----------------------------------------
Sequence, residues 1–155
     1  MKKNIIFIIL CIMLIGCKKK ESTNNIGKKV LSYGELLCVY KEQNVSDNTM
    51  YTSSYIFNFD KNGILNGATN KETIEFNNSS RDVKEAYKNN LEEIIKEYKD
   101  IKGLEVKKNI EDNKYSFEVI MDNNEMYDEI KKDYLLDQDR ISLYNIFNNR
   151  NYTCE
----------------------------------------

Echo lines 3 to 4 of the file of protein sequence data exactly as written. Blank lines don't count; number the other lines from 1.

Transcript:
    51  YTSSYIFNFD KNGILNGATN KETIEFNNSS RDVKEAYKNN LEEIIKEYKD
   101  IKGLEVKKNI EDNKYSFEVI MDNNEMYDEI KKDYLLDQDR ISLYNIFNNR